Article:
Seek proper shelter.

Roger
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Old 07-18-2003, 06:01 PM   #6
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You are probably as safe in your Airstream in a thunderstorm as you are in your car. Lightening should not be a problem unless you are under a tree that gets hit. You are right in that the metal all around makes for what is called a Faraday cage and electricity from a lightening strike should go around and not through. The damage it might do to your trailer is another issue, though. You might not even have a problem as the hitch jack may provide a ground path causing the rig to act like a lightening rod reducing static buildup that leads to lightening.

Also watch out for flash flooding in thunderstorms.

When you start talking tornadoes or hurricanes, all bets are off. There is no substitute for a shelter properly designed to protect from these conditions. The safety in your Airstream involves getting out of the area likely to be hit by that kind of storm.

But don't try to outrun a tornado. Spend your time taking shelter as you never can tell what the tornado might do.
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Old 07-18-2003, 07:06 PM   #7
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ben franklin....

always went to bed with a ground wire attached to his big toe......
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Old 07-19-2003, 04:14 PM   #8
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Thanks for all the reassurances about lightening. The lightening was so bad the other night that I was afraid to go outside and do something about my awning. I don't think it was slanted enough. It just v'd in the middle of the aluminum tube and caved in. I was terrified to go out to do anything about the water buildup. The lightening just kept coming in gigantic flashes and the thunder was very loud.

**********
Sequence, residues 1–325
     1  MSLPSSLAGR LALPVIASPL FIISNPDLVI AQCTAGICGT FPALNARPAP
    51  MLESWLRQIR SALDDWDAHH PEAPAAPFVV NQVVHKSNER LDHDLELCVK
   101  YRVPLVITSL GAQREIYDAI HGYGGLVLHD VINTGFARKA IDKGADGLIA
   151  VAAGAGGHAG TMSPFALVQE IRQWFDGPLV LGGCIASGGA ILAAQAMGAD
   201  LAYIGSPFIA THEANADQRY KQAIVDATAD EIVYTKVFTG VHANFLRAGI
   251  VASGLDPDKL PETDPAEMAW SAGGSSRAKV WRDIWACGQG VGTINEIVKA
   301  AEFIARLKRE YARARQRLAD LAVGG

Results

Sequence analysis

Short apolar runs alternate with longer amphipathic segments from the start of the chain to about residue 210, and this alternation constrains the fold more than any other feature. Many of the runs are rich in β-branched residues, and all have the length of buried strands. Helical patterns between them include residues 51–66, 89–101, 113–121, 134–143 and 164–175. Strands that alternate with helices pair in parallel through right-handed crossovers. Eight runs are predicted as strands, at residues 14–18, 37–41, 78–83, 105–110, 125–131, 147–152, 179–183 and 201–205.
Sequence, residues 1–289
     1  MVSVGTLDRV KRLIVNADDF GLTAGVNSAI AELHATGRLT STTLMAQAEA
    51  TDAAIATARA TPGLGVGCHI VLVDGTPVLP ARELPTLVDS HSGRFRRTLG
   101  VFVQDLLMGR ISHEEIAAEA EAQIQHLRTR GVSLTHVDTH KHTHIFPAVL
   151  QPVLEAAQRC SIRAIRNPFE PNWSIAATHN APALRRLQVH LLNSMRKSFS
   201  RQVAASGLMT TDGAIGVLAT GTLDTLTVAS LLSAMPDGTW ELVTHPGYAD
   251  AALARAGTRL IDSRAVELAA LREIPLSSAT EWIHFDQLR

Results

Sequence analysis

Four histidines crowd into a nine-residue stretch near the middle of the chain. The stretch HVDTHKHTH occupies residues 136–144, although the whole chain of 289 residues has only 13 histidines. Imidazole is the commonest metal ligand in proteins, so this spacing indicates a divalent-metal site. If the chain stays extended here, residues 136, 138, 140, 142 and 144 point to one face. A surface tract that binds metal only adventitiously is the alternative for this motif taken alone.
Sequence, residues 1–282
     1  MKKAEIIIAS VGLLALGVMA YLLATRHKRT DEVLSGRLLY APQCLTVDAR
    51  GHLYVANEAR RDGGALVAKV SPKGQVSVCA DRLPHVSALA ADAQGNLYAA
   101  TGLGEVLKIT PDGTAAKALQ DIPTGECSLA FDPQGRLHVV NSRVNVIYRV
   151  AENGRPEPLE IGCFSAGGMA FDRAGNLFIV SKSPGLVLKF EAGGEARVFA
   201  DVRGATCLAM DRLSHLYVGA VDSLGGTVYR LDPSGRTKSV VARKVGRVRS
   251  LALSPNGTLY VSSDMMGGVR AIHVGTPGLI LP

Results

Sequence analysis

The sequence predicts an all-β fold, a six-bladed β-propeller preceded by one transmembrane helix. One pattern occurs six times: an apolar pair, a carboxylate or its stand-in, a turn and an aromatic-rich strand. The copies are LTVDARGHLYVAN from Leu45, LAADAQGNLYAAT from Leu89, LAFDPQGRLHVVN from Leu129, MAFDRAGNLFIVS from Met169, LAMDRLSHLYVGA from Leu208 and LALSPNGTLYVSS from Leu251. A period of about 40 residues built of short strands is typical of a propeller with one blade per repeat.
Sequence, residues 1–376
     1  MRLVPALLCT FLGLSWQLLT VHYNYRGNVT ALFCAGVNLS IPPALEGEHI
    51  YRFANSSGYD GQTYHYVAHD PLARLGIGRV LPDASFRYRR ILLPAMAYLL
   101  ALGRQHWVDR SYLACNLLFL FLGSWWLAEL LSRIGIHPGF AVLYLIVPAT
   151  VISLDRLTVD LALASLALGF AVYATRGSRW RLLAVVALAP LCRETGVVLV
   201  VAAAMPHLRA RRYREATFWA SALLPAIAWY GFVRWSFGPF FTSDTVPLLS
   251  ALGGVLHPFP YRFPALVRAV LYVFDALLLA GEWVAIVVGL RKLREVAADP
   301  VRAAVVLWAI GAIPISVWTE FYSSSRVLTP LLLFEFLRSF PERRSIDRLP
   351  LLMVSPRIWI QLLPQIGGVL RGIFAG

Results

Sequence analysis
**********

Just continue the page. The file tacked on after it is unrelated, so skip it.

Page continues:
I read somewhere a notion that the skin on an Airstream is too thin to provide the Faraday cage protection. I don't remember if it was on one of the Airstream Forums posts or on the internet. I don't know if this idea "holds water."

Kathy
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Old 07-19-2003, 05:45 PM   #9
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Hi Kathy... are you staying in one place while living f/t in your Airstream or do you travel? If you are there all the time and the ground would support an underground storm shelter ...those are best. It puts you below the basic bottom surface (suction base) of a tornado. In Louisiana we went through Camille and Betsy. One of them came up the Mississippi River and tore up our small town of Gonzales, La. Our boat ended up 3 blocks over on our neighbors car! Nothing to mess with.

The lightning... stay OFF the phone! I produced a small documentary film on lightning some time back. Roughly 60 people a year die from lighting hitting a phone line while the person was chatting. This goes for hard line and cordless phones. We actually interviewed a woman who had been struck by lightning while standing over 10 feet from the phone base. The lightning hit the roof of her business, came to the base and jumped to her cordless phone. The doctors said it's amazing she lived.

If you can build a storm shelter that would be ideal. Failing that a hard shelter is good advice. Another excellent place to hide is in a culvert like under a driveway. You would probably get soaked and certainly dirty but if you tuck in there and hang on you will be relatively safe. Nothing is a sure bet with tornado's. If you have not seen the movie "Twister" in many ways it is pretty accurate as to what it feels like to be near one. They are beautiful, awesome and you know... very deadly.